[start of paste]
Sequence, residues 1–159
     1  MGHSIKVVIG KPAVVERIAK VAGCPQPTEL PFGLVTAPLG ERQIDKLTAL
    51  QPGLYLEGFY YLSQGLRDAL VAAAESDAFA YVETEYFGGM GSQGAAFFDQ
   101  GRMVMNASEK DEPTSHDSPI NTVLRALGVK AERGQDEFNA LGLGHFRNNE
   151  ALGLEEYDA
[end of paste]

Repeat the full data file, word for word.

Sequence, residues 1–159
     1  MGHSIKVVIG KPAVVERIAK VAGCPQPTEL PFGLVTAPLG ERQIDKLTAL
    51  QPGLYLEGFY YLSQGLRDAL VAAAESDAFA YVETEYFGGM GSQGAAFFDQ
   101  GRMVMNASEK DEPTSHDSPI NTVLRALGVK AERGQDEFNA LGLGHFRNNE
   151  ALGLEEYDA